The LA Opera family thanks you for making our 2018 so successful. As we wind down for the holidays, take a look at some highlights throughout this monumental year.
**DEADLINE EXTENDED to MONDAY, DECEMBER 17**
LA Opera is hosting a contest for currently enrolled college students in Southern California!
You are invited to submit artwork for LA Opera’s spring production of Mozart’s The Clemency of Titus! The winning submission will be featured on the cover of the show’s performance program and displayed at the home of LA Opera, the Dorothy Chandler Pavilion.
Ellen Reid’s latest opera “p r i s m” tackles a very serious and significant subject that is especially relevant today. It tells the story of an ill girl, Bibi, and her doting mother, Lumee, who live locked away from the world. The libretto, written by Roxie Perkins, also explores the elasticity of memory after trauma, and the lengths one will go to to “feel better.”
Last week, LA Opera had its opening night of Humperdinck’s beloved opera Hansel and Gretel. Hailed by LA Times as “a fantasy world audiences will be happy to join” and “a visual treat for the young and a delectable musical entree for adults.” by Broadway World, critics are enchanted by this fantastical production.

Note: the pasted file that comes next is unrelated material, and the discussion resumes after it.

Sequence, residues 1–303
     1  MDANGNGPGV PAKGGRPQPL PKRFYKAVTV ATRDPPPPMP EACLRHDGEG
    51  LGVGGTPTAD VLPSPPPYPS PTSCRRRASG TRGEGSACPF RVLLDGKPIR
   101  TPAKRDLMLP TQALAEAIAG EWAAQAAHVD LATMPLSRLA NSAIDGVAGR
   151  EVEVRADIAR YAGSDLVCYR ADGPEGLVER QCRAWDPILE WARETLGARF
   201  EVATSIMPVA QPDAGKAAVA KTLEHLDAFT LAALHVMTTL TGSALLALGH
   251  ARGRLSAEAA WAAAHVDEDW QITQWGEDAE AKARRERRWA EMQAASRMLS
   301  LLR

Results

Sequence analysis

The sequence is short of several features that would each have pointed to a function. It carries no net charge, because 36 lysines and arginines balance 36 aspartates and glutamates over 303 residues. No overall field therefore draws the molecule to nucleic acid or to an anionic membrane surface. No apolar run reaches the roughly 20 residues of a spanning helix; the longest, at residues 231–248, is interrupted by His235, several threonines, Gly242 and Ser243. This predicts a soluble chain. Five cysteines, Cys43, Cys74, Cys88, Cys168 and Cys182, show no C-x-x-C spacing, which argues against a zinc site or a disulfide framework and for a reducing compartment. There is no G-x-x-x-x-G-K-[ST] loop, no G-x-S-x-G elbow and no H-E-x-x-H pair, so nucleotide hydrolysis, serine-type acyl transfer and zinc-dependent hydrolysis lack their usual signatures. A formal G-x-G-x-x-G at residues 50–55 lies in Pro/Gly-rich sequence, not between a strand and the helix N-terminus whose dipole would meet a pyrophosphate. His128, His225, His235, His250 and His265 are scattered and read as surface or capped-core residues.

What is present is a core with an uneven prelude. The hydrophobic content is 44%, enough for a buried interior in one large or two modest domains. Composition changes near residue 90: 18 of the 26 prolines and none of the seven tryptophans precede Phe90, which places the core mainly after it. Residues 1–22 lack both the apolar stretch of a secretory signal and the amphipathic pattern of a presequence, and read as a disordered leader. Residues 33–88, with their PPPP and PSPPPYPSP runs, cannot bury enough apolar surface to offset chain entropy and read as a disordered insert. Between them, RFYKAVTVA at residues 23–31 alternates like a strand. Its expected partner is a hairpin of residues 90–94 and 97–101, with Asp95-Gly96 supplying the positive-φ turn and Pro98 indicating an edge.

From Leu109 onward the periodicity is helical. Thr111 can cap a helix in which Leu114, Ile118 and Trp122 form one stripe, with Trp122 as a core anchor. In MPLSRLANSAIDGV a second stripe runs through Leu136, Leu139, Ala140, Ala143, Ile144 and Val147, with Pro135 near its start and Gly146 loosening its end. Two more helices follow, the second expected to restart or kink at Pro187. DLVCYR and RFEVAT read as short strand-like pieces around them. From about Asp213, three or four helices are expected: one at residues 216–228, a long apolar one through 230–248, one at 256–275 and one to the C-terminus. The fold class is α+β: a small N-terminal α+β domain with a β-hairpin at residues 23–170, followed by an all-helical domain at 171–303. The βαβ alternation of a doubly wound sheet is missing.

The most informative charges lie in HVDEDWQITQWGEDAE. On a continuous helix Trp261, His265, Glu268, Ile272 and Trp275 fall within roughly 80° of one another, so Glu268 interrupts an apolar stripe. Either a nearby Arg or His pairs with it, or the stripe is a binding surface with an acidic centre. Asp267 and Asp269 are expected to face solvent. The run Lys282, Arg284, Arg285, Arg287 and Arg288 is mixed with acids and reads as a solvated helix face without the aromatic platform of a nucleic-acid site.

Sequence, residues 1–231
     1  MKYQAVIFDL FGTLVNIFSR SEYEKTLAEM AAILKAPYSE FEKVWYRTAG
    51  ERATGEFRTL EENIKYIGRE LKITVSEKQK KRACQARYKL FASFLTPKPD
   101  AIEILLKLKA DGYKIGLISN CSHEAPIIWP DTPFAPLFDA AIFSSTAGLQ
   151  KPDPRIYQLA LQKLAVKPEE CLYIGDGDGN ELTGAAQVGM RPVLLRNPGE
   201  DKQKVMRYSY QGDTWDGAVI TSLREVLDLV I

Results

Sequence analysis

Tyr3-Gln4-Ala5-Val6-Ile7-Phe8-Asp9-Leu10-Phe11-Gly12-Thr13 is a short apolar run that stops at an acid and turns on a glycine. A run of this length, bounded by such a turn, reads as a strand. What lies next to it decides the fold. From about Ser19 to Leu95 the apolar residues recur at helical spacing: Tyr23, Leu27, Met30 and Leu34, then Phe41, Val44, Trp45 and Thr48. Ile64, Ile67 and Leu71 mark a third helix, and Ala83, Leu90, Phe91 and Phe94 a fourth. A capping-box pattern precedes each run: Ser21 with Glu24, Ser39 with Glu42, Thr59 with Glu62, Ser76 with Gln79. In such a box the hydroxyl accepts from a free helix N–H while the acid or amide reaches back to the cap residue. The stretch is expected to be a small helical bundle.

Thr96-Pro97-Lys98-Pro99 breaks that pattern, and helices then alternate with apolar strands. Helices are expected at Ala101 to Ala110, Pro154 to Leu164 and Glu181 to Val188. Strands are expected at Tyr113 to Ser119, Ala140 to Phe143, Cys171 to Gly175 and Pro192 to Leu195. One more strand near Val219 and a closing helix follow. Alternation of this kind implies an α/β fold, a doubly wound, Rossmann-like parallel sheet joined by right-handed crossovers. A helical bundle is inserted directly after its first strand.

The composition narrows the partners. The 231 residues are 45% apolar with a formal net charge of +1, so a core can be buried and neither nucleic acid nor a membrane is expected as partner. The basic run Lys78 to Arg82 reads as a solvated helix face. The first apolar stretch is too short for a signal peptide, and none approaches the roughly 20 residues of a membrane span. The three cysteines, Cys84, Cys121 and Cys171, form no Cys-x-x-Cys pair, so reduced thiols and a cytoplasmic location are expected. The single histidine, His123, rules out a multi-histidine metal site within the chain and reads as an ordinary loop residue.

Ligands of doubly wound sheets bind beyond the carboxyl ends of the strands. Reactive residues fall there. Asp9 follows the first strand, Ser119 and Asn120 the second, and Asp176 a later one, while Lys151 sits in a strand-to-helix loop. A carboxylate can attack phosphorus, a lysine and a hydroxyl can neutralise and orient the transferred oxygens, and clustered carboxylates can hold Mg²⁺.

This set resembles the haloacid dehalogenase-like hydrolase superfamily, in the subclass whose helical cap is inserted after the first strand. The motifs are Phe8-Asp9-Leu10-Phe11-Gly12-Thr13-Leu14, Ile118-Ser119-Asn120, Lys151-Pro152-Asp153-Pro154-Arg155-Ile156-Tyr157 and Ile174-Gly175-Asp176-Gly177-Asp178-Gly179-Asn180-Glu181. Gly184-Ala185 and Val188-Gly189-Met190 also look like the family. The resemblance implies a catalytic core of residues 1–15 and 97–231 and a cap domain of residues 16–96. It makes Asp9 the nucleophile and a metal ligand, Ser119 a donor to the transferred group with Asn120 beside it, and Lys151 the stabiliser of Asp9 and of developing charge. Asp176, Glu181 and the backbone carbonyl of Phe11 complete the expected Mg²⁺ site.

But what does the public think? Scroll down to read some audience reactions to LA Opera’s Hansel and Gretel!
Engelbert Humperdinck’s Hansel and Gretel is not a children’s opera! Yes, you can bring your children to it, and they will love it—as I did when I was 12 years old—but that doesn’t mean it is only for children.
Mezzo-soprano Sasha Cooke has made a name for herself in contemporary music, singing world premieres at some of the most prestigious opera houses in the world, such as English National Opera, San Francisco Opera and Santa Fe Opera. But the American mezzo returns to her standard operatic roots making her LA Opera debut this month as Hansel in Humperdinck’s charming yet spooky opera Hansel and Gretel.
On Nov. 17, Doug Fitch’s production of Humperdinck’s Hansel and Gretel returns to the LA Opera stage for the first time since 2006. From the mythical forest creatures that grace the stage, to an iconic role debut from Susan Graham, the spooky adventures of Hansel and Gretel come to life in this fantastical production. Before you go, here are some highlights to get you excited!